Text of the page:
JAMES FELICE is an extremely fast talker. Even as a resident of sleepy Upstate New York, he speaks fluidly and fervently with a bristled East Coast cadence that reeks of late nights and long winters. Much like the accordionist's conversational style, the Felice Brothers got their start in a more frenetic brand of American music.
Their 2008 self-titled album and 2009's Yonder Is the Clock are both packed with raucous swells of fiddle, billowing accordion, and whiskey yells, vaguely tethered to the hit of a hollow snare. They've toured the country with the likes of fellow rabble-rousers Old Crow Medicine Show and Dave Rawlings Machine, and walked in the shadows of their marketable backstory: just a few country boys who grew up near Woodstock, left with few options but to take their acquired tastes for Dylan and the Band, stumble out of Big Pink's encumbering shadow, and start busking in the big city's subway tunnels.
However, the Felice Brothers have actively sought refuge from those funny shackles of the past: "Sure, it's an interesting story, and it's still true in a lot of ways, but you can only read about it so many times," says James. "I think this most recent record was us trying to get away from that a bit."
And away they got. Celebration, Florida—named for a planned community near Orlando that's owned by the Disney Company, which makes it easily one of the most self-evidently terrifying places on the planet—was likely conceived in a lab that tests shampoos on Americana. Its beakers and flasks bubble with sound bites and liminal space. The rusting hearts of tinny, synthesized drumbeats fuel astral piano concertos, and there is very little mind paid to traditional song structure. "We had decided on the name of the album before we started recording, which was something we had never done before. And it was actually cool to have the name beforehand; it helped cultivate that bizarre, creepy vibe, as we indulged our whims," James says.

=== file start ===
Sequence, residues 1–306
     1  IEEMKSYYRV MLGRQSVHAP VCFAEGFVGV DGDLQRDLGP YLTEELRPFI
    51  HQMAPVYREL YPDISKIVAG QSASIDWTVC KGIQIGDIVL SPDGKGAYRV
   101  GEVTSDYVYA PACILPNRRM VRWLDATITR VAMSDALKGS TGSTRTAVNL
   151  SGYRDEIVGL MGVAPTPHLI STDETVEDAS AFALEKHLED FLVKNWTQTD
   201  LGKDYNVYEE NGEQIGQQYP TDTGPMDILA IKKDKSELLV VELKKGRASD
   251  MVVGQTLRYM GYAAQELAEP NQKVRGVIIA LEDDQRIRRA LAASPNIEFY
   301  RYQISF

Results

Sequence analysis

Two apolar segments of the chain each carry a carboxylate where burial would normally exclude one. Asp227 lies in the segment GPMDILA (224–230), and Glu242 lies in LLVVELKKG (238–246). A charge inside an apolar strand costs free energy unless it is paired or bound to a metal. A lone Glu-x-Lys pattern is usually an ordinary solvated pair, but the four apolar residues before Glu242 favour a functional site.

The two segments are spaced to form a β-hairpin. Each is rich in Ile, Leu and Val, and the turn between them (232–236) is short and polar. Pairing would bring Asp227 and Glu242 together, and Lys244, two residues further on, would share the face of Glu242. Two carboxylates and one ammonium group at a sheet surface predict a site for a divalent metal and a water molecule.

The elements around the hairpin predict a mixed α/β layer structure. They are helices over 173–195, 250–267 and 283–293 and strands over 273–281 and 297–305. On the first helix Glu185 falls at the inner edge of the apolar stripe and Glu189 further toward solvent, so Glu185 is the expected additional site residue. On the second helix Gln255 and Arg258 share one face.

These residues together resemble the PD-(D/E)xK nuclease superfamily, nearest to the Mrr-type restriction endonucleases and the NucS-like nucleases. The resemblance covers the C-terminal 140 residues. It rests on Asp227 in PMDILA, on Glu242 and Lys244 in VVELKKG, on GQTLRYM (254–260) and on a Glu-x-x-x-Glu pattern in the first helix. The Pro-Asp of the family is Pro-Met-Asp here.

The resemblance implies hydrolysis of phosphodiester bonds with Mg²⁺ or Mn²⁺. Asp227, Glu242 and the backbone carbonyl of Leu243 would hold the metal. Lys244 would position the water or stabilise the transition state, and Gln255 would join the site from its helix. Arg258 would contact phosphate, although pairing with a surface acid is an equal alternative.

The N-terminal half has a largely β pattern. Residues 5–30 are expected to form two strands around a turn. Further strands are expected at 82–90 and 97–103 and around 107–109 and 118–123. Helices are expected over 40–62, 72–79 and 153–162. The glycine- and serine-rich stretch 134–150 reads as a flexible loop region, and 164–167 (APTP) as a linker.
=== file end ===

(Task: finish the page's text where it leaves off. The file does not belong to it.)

Most peculiarly, the song "Back in the Dancehalls" exhibits a veritable dubstep beat rubbing its reverberant elbows with the loneliest fiddle that's ever been bowed. And like the record, it tends to leave a slug trail of inquiry at the end, the listener left wondering if there was something more that they should understand, if there was something more profound to get. "People swung wildly with this one—some loved it, some hated it—and it was interesting to read so many divergent essays about the same piece of work. But honestly, people didn't get it because they didn't have to; we just wanted to make something that was different, that we liked," says James.
As with any active band, there is always speculation about the future. There has been some hint of new material, namely in the internet-based Poughkeepsie Princess EP. James describes it as a "haphazard, fly-by-the-seat of your pants" collection of songs the band had scattered around the floor of their van. "We've been on tour... forever. But we plan to spend the winter writing, and record in the spring. And who knows what that new record will sound like," he says, as he prepares to wield the acid tongue with which every Easterner is born. "It could just be 40 minutes of birds chirping."